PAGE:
What the #*&$ is a Homeowners Association?

And why are they taking my money?

I’ve been selling real estate for almost eight years now, so it’s easy to forget that terms I use literally several times a day might be completely foreign to a real estate first-timer. I had a meeting the other day with a buyer who is dipping his pinky toe into the real estate waters for the first time. He’s able to spend just over a million dollars, but is uncertain whether he wants a house or a condo. Obviously there are pros and cons to each, depending on whether one is up for the responsibilities and expenses that come with owning your own house, or whether one prefers the convenience and more maintenance-free lifestyle a condominium offers.

As I was explaining these differences and trying to get to the root of his wants and needs, I mentioned HOA dues to him. He kind of glazed over, and I realized I was speaking a foreign language. He’d never heard the term and didn’t know what these dues were or their purpose.

The first thing you need to know, above all else, is that HOA dues are an additional cost you’ll need to factor in and plan for when figuring out what your total monthly costs will be for ownership of a condominium. These dues are not negotiable, and you don’t have a choice as to whether or not you pay them.

In short, every condominium building (and some residential neighborhoods, actually) has a homeowners association. The HOA is a legal entity. The governing board (consisting usually of a president, vice president, secretary and treasurer) is made up of residents of the building but typically hires an outside management company to oversee building operations. The purpose of the association is to oversee the upkeep of the building, ensure that proper maintenance is done and that care is taken to preserve the integrity of the property and keep its value solid. The basis for the amount of dues each unit pays can vary. In some buildings, it’s based on square footage. In others, dues are the same for every unit. In some, there’s no discernable rhyme or reason to how the dues are assessed. When you buy into a building, membership in the association and payment of dues are usually a requirement of purchase.

What are these dues used for, you ask? Your building, like any other, needs maintenance, upkeep and repairs, and it needs them regularly! Roofs, exteriors and common areas are most always the responsibility of the association. That money has to come from somewhere. The dues also typically cover things like water, garbage collection, security, pool and recreational facility maintenance and gardeners. They sometimes can include things like basic cable service or earthquake insurance. There are typically at least two funds in an HOA—an operating fund and a reserve account. The former goes to recurring expenses mentioned earlier, while the reserve fund is important in the event of significant repair costs or to repair any unexpected damage the building might incur. Without sufficient reserves to fall back on, a resident might find himself faced with a special assessment (more on that shortly).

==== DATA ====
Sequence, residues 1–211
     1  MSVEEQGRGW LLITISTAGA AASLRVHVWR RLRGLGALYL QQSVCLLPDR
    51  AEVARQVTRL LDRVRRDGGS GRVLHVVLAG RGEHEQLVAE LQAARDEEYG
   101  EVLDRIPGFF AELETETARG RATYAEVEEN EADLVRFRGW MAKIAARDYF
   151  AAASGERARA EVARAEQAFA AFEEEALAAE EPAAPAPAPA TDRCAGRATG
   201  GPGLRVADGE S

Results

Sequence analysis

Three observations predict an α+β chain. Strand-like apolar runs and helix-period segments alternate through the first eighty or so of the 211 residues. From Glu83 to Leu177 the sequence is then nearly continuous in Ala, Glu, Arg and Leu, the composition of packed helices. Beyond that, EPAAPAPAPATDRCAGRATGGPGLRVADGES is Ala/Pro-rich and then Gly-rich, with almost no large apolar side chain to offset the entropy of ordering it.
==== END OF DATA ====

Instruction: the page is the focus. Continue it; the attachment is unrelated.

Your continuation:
When you go into escrow on a condominium, you will receive a stack of documents pertaining to the HOA. You will receive CC&R’s (Codes, Covenants and Restrictions), HOA by-laws and the rules and regulations of the building, as determined by the HOA. There are times when a major expense comes up that must be addressed but exceeds what the reserves can provide for. HOAs have the power to levy special assessments on homeowners when necessary (usually by a vote of the association, but they can be mandated when they feel it’s absolutely necessary). Special assessments can range from $500 or less per unit to tens of thousands of dollars per unit (usually paid over many years).

If you are considering a condominium building, it is incumbent upon you to do your due diligence and read the rules and regulations of the building. The last thing you want is to find out that there is a 20-pound weight limit on pets and your St. Bernard is not going to be welcome in your building. Carefully review the minutes from several recent meetings to determine if any dues increases or special assessments have been discussed. Investigate whether there has been any recent or pending litigation involving the HOA. Often lenders won’t lend if there has been.

Jefferson Hendrick is an L.A.-based Realtor with Keller Williams. Contact him with questions, concerns and real estate inquiries at [email protected] or

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